Saturday, January 2, 2010


When I was a hungry child during World War II living with partisans and
others on the run from the Nazi regime, we stole from peasants who were
hoarding their food. The Catholic Church called that 'Mundraub', theft
for food, and declared it not a sin. When the partisans hunted wild boar
and rabbits in stretches of forests owned by German and Polish
aristocrats, who were the only ones allowed to hunt in their own
domains, the former called it poaching, the partisans called it 'law of
road'. When I moved from the poor to the wealthy side of the fence in
Italy after the war, the wealthy expected their servants, drawn from
within the poor, to steal a certain amount. In Sicily the poor,
exploited by absentee landlords, formed the Mafia and called theft even
murder justice. In the European proletariat theft was often accompanied
by murder. Theft is as old as civilization: it is usually a function of
poverty and hunger.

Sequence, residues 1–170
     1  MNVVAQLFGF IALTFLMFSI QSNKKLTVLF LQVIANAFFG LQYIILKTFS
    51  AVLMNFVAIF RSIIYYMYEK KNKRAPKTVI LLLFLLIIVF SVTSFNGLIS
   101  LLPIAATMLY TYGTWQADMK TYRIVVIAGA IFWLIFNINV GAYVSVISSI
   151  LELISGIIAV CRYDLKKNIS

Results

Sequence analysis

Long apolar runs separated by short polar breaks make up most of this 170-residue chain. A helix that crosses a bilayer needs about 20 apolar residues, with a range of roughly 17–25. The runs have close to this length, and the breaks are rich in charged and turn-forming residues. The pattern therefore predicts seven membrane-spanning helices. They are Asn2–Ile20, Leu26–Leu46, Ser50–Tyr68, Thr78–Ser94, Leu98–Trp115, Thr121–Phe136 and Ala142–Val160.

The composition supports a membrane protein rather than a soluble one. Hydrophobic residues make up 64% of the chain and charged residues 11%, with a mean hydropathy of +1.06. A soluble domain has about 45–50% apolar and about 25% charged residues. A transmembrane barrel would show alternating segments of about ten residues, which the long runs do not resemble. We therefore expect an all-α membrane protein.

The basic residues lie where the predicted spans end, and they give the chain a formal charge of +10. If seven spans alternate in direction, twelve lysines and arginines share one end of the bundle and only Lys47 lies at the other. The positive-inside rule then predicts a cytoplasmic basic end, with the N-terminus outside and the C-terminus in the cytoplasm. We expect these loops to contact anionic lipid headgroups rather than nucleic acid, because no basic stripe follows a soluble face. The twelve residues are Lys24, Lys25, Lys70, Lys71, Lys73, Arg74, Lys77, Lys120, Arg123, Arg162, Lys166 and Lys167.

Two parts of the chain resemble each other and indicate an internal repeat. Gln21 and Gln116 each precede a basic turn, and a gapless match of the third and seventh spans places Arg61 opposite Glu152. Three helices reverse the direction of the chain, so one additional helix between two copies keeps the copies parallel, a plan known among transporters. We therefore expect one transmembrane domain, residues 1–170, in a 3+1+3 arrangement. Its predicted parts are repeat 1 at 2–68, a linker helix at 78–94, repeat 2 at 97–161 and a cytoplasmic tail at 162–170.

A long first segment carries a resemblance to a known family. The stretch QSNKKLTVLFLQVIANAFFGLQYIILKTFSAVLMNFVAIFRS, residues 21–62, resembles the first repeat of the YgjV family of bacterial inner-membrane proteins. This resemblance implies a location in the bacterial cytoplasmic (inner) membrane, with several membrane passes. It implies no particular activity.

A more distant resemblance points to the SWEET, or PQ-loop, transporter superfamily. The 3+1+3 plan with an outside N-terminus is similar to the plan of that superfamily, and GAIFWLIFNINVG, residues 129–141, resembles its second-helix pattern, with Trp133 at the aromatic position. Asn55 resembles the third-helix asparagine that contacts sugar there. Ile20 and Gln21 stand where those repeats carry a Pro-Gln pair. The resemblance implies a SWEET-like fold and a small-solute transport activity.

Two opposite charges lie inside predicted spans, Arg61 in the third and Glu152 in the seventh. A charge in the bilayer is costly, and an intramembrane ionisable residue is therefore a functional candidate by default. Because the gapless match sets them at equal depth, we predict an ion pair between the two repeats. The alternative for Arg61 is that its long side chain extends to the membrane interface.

So why do so many paste that label on to the Gypsy/Roma minority, as if
theft were a Gypsy gene. Whenever I lived among Roma, I was never afraid
to leave my belongings with them. The Roma I talk to, consider having to
steal or beg to survive an act of shame. Even Hitler knew that among
nomadic Gypsies there was no crime. It was only after they were forced
off their treks into places of confinement and given only the poorest
possibilities to survive, that petty crime entered their way of life.
And petty crime it is, because, unlike theft by non-Gypsies, theirs is
of hunger and not accompanied by killings. So in the New Year let's
pull that unjust label off the Gypsy/Roma name, make sure that those who
have shared our living space for centuries are given the same rights and
opportunities. Close the gap that has separated us for so long.

1 comment:

  1. the poor always suffer the rich get off with it!
    while the theif is beaten to death !
    a robber is feared!

    while hte robbers keep getting rich, the thief are subdued further!